The History of Aesthetics
In the history of western thought, there have been many theories of aesthetics - that is, philosophical theories about the purpose, function, meaning, and value of art. Some of the earliest theories of aesthetics were forwarded by the ancient Greek philosophers Plato and Aristotle. Although Plato and Aristotle were, as is well-known, student and teacher, their aesthetic theories were very different. In the millennial that have passed since, there have been almost as many philosophical approaches to art as there have been philosophers.
In recent years, some European philosophers have been developing new aesthetic theories that attempt to take into account the artistic and technological developments of the twentieth century. Avant-garde art movements and the invention of new artistic media like film have called in to question the role of art in society and the relationship between art, politics, and truth. These changes have rendered some traditional aesthetic theories obsolete, and philosophers have been attempting to fill this newly created void.
Alain Badiou's Inaesthetics
Among the new aesthetic theories that have emerged from Europe in the past few decades is French philosopher Alain Badiou's theory of "inaesthetics". Badiou calls his aesthetic theory inaesthetics because he thinks that previous theories of aesthetics have given philosophy too much power when it comes to saying things about art. Badiou's contribution to the field of aesthetics is his claim that philosophy and other fields of study are incapable of saying what art is or should be. Artistic truths, according to Badiou, are specific to art, so philosophy is more or less powerless when it comes to art.
Philosophy and Art
It might seem strange for a philosopher to claim that philosophy is powerless, but that has been a big part of Badiou's appeal in the world of philosophy. Of course, he doesn't say that philosophy is useless, but he does say that philosophy's job is not to reveal truths about the way the world is. Instead, philosophy's job is to talk about truths that other disciplines - including art - reveal, and to see what consequences those truths have.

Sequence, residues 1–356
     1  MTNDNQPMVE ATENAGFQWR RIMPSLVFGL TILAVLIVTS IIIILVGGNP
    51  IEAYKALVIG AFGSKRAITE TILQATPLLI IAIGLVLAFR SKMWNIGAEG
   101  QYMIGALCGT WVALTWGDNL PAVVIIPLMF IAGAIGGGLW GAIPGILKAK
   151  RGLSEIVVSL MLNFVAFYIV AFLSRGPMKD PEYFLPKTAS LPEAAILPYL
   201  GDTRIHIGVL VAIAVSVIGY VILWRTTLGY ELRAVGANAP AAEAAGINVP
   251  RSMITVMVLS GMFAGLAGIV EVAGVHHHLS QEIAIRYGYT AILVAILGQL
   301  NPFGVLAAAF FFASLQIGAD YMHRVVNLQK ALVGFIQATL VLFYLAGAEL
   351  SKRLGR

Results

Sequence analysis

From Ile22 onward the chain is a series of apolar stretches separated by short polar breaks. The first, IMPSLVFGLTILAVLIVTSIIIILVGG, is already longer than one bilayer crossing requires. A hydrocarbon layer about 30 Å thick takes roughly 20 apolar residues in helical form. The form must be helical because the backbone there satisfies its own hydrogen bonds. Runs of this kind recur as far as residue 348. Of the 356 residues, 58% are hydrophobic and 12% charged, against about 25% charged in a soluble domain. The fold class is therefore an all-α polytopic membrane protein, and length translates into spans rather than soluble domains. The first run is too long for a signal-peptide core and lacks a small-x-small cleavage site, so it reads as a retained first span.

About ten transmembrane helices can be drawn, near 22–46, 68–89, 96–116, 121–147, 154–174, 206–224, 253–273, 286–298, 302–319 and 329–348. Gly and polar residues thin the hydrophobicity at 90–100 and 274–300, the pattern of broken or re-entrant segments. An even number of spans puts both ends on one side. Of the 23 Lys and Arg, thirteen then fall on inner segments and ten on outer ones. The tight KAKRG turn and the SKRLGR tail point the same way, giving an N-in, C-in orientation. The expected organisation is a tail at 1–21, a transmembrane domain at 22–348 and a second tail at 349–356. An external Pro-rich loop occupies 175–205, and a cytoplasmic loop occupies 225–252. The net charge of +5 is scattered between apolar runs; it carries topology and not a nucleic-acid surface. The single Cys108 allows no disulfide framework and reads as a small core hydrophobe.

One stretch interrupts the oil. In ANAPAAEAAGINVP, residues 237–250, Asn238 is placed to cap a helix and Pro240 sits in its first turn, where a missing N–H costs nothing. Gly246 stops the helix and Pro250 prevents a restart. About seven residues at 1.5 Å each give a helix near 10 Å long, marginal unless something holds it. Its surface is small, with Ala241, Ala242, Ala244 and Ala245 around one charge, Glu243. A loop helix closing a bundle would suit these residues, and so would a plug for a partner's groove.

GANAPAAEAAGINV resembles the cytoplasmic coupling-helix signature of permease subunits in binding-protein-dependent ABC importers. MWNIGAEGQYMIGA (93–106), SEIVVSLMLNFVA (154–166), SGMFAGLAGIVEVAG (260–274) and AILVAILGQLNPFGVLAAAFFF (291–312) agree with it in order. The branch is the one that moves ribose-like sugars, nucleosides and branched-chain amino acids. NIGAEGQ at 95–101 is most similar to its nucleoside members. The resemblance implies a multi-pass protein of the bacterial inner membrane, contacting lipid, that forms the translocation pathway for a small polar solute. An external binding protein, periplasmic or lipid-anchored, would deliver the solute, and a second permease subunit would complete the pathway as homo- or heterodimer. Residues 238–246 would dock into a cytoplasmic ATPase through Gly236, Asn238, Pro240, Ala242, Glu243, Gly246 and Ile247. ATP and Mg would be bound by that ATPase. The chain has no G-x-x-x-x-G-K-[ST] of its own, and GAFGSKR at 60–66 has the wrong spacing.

One example Badiou favors is the example of the French poet Stephane Mallarmé. Mallarmé's unique style of poetry introduces devices into the poetic vocabulary that hadn't been there before. For example, Mallarmé arranged words in interesting configurations on the page, using the space of the poem itself as part of the poem. This type of thing is common by now, but at the time it was revolutionary. According to Badiou, Mallarmé's poetry is an example of artistic truth. Badiou has written quite extensively about Mallarmé, discussing what his poetry means and how it is situated in the context of the history of poetry. These writings are limited to a descriptive level, however. Badiou always stops short of saying what art or poetry should or shouldn't do. That is the essence of inaesthetics.
Art is Irreplaceable
Whether we agree or disagree with the idea of inaesthetics, it is interesting to consider what such a theory indicates about philosophy and aesthetics today. Even in an age when we know that scientific truths can be overturned or altered by new discoveries, and when the boundaries between art and entertainment have been blurred beyond recognition, philosophers like Badiou still want to make sure that art continues to play an important role in our lives. Badiou might go a little too far when he says that artistic truths are specific to art, but his point is to say that art can't be replaced in our lives. That is a point that everyone ought to agree on.